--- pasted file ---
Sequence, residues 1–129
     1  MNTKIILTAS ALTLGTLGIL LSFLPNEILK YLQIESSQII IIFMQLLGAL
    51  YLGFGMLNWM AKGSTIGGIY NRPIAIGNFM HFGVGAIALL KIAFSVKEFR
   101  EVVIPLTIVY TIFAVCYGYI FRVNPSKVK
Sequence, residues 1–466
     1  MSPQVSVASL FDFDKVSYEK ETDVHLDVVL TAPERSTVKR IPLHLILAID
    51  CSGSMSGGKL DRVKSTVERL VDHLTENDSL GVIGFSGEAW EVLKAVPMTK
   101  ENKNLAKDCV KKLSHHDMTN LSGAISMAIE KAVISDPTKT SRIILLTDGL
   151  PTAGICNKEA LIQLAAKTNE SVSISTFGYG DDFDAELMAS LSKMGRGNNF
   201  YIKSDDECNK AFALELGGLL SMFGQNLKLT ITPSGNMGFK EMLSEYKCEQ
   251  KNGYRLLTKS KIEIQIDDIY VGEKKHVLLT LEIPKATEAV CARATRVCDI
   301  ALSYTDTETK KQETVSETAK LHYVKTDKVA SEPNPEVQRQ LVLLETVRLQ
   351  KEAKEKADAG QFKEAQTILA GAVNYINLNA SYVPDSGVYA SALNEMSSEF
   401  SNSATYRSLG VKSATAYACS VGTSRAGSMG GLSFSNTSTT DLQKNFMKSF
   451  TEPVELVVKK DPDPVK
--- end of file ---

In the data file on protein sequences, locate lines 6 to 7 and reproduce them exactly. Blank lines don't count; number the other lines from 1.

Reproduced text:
     1  MSPQVSVASL FDFDKVSYEK ETDVHLDVVL TAPERSTVKR IPLHLILAID
    51  CSGSMSGGKL DRVKSTVERL VDHLTENDSL GVIGFSGEAW EVLKAVPMTK